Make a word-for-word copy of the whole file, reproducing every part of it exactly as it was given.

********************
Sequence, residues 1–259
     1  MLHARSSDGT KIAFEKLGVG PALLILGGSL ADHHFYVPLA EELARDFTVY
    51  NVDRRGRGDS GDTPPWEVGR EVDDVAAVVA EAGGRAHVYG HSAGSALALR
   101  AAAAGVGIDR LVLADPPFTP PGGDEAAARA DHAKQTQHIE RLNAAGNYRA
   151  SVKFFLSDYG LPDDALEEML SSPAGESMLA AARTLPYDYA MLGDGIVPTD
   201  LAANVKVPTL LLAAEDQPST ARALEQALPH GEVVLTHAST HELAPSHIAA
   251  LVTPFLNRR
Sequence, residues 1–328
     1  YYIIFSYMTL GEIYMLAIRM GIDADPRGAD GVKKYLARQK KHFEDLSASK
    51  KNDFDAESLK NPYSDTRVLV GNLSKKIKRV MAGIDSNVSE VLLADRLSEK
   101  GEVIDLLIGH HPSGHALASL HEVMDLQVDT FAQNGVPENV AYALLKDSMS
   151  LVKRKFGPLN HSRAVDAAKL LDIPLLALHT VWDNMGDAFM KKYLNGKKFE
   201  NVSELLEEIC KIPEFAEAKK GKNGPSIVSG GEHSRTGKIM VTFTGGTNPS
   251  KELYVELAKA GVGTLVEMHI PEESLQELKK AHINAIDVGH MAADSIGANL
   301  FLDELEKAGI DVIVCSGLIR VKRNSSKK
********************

Sequence, residues 1–259
     1  MLHARSSDGT KIAFEKLGVG PALLILGGSL ADHHFYVPLA EELARDFTVY
    51  NVDRRGRGDS GDTPPWEVGR EVDDVAAVVA EAGGRAHVYG HSAGSALALR
   101  AAAAGVGIDR LVLADPPFTP PGGDEAAARA DHAKQTQHIE RLNAAGNYRA
   151  SVKFFLSDYG LPDDALEEML SSPAGESMLA AARTLPYDYA MLGDGIVPTD
   201  LAANVKVPTL LLAAEDQPST ARALEQALPH GEVVLTHAST HELAPSHIAA
   251  LVTPFLNRR
Sequence, residues 1–328
     1  YYIIFSYMTL GEIYMLAIRM GIDADPRGAD GVKKYLARQK KHFEDLSASK
    51  KNDFDAESLK NPYSDTRVLV GNLSKKIKRV MAGIDSNVSE VLLADRLSEK
   101  GEVIDLLIGH HPSGHALASL HEVMDLQVDT FAQNGVPENV AYALLKDSMS
   151  LVKRKFGPLN HSRAVDAAKL LDIPLLALHT VWDNMGDAFM KKYLNGKKFE
   201  NVSELLEEIC KIPEFAEAKK GKNGPSIVSG GEHSRTGKIM VTFTGGTNPS
   251  KELYVELAKA GVGTLVEMHI PEESLQELKK AHINAIDVGH MAADSIGANL
   301  FLDELEKAGI DVIVCSGLIR VKRNSSKK